Penn East is not done dealing with permits from federal agencies just yet.
The Army Corps of Engineers is the latest agency seeking more information on the controversial 120-mile pipeline project before it is ready to render a decision on the proposal.
As has happened in the past, the application by the PennEast Pipeline Co. has been deemed incomplete because the developer failed to secure permission to enter rights-of-way along the proposed route to conduct surveys, including those involving wetlands and waterways.
In a letter to the Federal Energy Regulatory Commission, the Army Corps’ Philadelphia office said because of the lack of information, it does not know when a decision on the permits sought by PennEast would be made.
“Depending on how long it takes to gain access and if the results of the initial surveys indicate more in-depth surveys are required makes it simply impossible to determine a permit issuance date at this time,’’ according to the letter signed by Glenn Weitknecht, senior project manager for the Corps.
The problem is a familiar, if unwanted, one for PennEast. The New Jersey Department of Environmental Protection advised the applicant not to bother filing for crucial water permits until it submits more information the state agency is seeking. PennEast filed for the permits earlier this month, the day before FERC issued its Final Environmental Impact Statement on the project, clearing one of the major regulatory hurdles for the developer.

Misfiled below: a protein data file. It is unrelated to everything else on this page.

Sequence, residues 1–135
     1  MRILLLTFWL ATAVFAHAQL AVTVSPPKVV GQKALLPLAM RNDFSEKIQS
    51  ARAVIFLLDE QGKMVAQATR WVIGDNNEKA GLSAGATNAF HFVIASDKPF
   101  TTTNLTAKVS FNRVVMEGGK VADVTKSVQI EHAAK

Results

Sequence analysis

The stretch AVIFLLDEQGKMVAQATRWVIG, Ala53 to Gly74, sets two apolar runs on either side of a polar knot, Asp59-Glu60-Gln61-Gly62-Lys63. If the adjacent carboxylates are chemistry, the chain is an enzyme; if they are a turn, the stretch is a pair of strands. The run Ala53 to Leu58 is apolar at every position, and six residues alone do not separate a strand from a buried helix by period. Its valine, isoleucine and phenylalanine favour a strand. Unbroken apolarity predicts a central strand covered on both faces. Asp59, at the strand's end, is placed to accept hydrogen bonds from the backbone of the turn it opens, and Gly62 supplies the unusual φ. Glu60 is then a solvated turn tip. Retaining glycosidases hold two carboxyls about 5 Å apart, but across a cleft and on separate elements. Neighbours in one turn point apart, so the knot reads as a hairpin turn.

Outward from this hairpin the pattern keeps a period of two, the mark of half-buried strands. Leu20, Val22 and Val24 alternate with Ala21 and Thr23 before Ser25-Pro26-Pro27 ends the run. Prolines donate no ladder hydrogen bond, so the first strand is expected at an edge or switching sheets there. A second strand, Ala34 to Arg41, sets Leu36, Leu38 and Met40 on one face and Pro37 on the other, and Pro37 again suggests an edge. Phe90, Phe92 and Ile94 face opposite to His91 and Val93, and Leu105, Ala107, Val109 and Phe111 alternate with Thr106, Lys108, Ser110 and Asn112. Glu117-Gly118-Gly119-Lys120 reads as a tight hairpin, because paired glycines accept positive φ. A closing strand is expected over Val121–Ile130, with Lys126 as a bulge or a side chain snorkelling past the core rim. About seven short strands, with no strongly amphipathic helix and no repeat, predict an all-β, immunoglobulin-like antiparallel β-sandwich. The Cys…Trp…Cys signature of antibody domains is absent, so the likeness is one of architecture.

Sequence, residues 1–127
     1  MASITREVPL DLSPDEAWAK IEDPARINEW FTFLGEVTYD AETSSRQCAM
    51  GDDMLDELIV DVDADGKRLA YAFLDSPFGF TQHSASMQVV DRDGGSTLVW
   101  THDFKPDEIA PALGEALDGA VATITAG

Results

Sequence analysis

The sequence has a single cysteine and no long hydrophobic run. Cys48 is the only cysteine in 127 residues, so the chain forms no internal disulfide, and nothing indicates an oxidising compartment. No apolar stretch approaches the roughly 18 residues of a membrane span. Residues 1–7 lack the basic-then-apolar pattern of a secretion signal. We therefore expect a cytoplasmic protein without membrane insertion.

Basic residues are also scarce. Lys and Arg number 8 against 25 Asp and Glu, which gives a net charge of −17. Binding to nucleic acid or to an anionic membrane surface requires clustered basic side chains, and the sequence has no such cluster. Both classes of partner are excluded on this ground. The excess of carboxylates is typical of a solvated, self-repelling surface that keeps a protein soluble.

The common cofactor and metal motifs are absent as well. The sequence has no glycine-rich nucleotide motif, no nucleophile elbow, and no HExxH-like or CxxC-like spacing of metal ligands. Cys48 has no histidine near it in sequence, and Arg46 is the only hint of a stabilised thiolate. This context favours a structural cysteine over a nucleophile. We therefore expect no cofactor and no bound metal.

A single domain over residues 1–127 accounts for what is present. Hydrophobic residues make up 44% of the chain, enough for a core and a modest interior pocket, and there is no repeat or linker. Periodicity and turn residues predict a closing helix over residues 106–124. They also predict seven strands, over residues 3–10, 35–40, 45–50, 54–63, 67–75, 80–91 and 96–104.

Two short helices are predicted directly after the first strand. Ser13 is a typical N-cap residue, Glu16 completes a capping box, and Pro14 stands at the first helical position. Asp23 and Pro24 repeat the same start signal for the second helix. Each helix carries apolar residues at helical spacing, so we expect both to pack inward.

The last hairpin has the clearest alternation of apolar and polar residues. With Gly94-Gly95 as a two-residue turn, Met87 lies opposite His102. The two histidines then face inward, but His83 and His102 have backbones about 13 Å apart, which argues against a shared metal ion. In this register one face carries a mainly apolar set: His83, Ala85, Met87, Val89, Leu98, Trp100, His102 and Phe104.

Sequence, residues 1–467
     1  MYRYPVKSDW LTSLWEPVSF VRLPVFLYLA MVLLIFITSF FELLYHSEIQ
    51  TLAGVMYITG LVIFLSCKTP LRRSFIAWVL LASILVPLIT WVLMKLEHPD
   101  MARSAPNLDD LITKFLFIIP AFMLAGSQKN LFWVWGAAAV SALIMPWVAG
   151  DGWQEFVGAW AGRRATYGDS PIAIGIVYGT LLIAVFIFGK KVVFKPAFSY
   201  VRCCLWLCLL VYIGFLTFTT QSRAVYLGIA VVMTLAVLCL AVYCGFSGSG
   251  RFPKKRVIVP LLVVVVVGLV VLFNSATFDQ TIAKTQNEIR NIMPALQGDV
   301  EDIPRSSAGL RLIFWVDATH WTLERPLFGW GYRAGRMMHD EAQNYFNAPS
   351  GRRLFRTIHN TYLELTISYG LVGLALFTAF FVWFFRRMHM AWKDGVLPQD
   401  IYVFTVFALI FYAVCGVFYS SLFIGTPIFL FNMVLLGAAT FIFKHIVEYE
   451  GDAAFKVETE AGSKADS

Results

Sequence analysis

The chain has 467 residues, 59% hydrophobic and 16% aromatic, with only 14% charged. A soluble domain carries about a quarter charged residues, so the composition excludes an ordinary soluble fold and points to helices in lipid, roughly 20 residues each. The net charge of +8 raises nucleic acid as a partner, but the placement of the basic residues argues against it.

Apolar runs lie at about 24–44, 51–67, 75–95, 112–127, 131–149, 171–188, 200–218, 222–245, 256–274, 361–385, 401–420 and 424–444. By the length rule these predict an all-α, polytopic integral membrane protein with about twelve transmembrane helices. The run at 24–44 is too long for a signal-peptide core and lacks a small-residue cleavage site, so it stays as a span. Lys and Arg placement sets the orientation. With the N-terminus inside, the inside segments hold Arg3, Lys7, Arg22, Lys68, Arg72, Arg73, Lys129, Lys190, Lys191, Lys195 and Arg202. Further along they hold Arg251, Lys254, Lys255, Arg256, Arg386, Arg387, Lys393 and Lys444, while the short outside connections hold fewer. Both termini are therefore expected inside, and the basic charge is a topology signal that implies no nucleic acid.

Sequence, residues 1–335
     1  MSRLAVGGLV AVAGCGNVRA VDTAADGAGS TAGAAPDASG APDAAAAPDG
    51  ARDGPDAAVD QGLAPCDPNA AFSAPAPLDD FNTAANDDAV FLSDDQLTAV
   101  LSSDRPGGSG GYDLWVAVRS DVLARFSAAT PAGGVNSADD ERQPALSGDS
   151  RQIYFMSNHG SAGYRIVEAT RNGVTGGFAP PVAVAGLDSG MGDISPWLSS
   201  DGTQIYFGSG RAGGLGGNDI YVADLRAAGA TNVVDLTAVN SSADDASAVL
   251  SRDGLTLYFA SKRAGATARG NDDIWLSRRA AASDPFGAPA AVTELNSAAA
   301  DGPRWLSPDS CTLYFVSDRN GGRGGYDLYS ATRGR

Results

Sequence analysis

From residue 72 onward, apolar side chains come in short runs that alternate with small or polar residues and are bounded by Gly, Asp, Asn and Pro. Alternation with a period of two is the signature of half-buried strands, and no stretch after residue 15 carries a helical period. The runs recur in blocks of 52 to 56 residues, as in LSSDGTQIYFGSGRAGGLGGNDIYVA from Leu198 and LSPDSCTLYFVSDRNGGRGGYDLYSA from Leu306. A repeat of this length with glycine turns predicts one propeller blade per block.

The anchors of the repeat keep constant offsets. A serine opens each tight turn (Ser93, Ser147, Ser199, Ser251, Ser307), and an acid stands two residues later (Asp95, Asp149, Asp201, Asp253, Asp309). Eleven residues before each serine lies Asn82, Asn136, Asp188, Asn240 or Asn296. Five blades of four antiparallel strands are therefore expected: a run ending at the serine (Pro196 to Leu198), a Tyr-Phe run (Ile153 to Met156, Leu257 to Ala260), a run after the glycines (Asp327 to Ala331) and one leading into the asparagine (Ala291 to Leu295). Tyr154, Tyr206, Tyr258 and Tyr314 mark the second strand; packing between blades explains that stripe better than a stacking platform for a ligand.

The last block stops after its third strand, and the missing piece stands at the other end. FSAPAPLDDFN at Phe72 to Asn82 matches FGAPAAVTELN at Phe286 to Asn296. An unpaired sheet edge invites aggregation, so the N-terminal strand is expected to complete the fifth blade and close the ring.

The project is one of the more contentious of more than a dozen new pipelines proposed in New Jersey, most seeking to tap into cheap, new natural-gas supplies in neighboring Pennsylvania. The $1 billion PennEast project begins in Luzerne County, PA, and extends across the Delaware River to Mercer County.
Pat Kornick, a spokesperson from PennEast, downplayed the significance of the letter from the Corps, saying it is a routine part of the permitting process. The information sought by the Corps will not change the company’s timetable, which aims to begin construction sometime in 2018.
In its letter, the Corps acknowledged the fluid nature of “these projects with continuing route changes’’ and pledged to continue working with the applicant to delineate wetlands and waters along the route. The permit requires the Corps to coordinate with various agencies concerning endangered species, wild and scenic rivers, historic preservation, and other issues.
Jeff Tittel, director of the New Jersey Sierra Club, said the tone of the Corps letter and information sought by the agency underscores that the EIS issued by FERC is flawed. “How can the EIS be considered final with all of PennEast missing information?’’ he asked.